New Delhi: The Supreme Court today observed that only cases and appeals (not investigation) can be transferred by invoking powers under Section 406 of the Code of Criminal Procedure, 1973.
A single judge bench of Justice Hrishikesh Roy made the observation while directing the CBI to investigate into the death of actor Sushant Singh Rajput. Rajput, who resided within the Bandra Police Station jurisdiction, was reported as an unnatural death under section 174 of CrPC.
Rhea Chakraborty, Rajput’s girlfriend, filed a plea before the apex court under section 406 of the Code of Criminal Procedure seeking transfer of FIR registered under relevant sections of the Indian Penal Code, 1860 at the Rajeev Nagar Police Station, Patna and all consequential proceedings, from the jurisdiction of the Additional Chief Judicial Magistrate III, Patna Sadar, to the Additional Chief Metropolitan Magistrate, Bandra Mumbai. According to the petitioner, the Mumbai Police is competent to undertake the investigation, even for the FIR lodged at Patna.
However, the Bihar government contended against the petitioner’s submissions and challenged validity of the transfer petition, stating that section 406 of Cr.PC couldn’t be enforced to transfer investigations.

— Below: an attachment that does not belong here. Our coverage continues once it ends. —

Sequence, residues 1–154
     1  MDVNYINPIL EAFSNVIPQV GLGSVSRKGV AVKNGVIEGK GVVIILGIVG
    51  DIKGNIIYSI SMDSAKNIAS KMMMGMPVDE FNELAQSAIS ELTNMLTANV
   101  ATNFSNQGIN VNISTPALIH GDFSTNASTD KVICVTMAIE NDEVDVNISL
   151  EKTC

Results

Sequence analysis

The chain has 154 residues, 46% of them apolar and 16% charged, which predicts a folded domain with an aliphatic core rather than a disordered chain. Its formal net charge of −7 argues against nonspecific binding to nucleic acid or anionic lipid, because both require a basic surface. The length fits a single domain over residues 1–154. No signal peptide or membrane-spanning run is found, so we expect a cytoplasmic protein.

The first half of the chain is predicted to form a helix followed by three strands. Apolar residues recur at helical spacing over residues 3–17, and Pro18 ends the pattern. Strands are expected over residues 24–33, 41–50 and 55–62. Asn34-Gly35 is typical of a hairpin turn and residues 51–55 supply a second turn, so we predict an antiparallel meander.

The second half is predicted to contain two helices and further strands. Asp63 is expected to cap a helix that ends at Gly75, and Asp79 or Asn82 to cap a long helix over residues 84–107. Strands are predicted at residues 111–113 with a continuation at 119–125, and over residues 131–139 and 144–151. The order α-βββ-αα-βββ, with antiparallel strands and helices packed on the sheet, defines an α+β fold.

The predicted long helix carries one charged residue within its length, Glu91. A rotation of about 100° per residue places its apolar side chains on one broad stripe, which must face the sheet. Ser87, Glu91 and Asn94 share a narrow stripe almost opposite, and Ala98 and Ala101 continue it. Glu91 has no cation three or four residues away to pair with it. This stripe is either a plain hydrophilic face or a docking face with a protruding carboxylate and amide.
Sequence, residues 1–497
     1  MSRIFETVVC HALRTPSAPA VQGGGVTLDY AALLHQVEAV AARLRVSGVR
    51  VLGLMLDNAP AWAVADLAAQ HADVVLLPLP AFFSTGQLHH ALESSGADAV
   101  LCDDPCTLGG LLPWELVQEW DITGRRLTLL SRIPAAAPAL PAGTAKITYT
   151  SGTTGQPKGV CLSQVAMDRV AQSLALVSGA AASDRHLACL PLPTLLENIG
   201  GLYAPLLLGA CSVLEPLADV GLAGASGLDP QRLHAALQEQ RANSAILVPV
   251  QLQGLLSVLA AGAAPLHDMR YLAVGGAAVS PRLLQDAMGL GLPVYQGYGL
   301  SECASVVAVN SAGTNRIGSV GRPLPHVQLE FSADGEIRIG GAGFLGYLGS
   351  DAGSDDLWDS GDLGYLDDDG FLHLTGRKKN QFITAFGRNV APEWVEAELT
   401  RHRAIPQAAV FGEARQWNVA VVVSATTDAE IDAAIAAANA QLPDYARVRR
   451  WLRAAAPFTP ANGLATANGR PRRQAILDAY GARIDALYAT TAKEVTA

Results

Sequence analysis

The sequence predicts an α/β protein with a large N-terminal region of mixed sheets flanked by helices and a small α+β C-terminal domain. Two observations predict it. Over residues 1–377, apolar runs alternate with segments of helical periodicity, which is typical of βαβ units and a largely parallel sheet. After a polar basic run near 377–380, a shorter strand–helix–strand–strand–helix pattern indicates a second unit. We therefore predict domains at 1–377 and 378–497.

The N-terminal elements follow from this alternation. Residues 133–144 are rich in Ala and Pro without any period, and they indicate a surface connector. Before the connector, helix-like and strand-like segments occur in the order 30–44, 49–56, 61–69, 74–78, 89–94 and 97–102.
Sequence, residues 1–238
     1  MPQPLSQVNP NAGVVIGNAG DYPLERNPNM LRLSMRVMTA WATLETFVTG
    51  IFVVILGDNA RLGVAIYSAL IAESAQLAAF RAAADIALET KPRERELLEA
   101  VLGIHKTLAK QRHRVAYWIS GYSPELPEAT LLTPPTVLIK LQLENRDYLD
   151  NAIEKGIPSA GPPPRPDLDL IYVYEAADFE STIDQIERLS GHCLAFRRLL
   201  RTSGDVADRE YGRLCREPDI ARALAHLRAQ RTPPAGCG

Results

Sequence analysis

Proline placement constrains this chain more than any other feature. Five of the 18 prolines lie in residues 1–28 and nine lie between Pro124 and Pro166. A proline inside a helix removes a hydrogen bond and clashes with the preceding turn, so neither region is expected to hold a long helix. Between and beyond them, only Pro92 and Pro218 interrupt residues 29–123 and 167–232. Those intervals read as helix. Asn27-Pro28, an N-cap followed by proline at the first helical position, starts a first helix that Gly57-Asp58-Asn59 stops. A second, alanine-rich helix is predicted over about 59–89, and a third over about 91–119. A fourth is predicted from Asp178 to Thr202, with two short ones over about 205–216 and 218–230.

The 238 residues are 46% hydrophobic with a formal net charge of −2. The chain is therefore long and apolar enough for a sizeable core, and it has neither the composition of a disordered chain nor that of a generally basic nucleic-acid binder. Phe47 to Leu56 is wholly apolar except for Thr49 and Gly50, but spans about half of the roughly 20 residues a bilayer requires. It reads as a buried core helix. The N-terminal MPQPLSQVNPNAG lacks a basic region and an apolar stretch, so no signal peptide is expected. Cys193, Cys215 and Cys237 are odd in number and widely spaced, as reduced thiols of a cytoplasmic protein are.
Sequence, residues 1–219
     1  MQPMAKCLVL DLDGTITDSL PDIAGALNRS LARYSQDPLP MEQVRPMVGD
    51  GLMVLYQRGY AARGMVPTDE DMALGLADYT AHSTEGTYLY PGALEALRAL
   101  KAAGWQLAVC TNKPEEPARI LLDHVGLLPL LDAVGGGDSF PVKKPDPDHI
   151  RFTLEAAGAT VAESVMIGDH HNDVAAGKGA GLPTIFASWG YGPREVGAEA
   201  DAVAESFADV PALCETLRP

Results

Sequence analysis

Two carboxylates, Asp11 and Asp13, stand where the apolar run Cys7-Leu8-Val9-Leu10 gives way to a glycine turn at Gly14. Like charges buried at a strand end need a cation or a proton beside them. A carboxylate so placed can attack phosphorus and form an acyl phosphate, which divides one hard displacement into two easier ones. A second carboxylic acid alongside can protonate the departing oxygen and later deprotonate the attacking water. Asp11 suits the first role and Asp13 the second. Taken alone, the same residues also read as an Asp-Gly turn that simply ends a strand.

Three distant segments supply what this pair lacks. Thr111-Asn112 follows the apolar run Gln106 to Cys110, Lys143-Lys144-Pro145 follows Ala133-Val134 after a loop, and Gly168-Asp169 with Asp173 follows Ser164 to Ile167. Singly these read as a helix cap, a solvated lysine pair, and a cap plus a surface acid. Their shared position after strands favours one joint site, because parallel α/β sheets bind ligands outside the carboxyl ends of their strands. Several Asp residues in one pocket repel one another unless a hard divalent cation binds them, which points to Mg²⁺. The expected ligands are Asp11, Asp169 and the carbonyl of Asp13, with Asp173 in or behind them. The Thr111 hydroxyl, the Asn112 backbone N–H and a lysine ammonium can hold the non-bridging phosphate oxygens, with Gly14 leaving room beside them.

The court cited the case of Ram Chander Singh Sagar vs State of Tamil Nadu, where it was observed that the Code of Criminal Procedure clothes this Court with power under Section 406 to transfer a case or appeal from one high court or a court subordinate to one high court to another high court or to a court subordinate thereto. But, it does not clothe this court with the power to transfer investigations from one police station to another in the country simply because the first information or a remand report is forwarded to a court.
The court noted that scope of exercise of this power of transfer under Section 406 of Cr.PC is for securing the ends of justice and precedents suggest that transfer plea under Section 406 CrPC were granted in cases where the court believed that the trial may be prejudiced and fair and impartial proceedings cannot be carried on, if the trial continues.
Justice Roy also noted that the contrary references cited by the petitioner where transfer of investigation was allowed, do not in any manner, refer to a determination on the question of competence to transfer investigation under Section 406. In the cited cases, relief was granted without any discussion of the law, ignoring the long standing ratio laid down in Ram Chander Singh Sagar. If the contour of the power under section 406 CrPC is considered, it must be concluded that only cases and appeals (not investigation) can be transferred.
Read the judgment here;15928-2020-36-1501-23473-Judgement-19-Aug-2020
– India Legal Bureau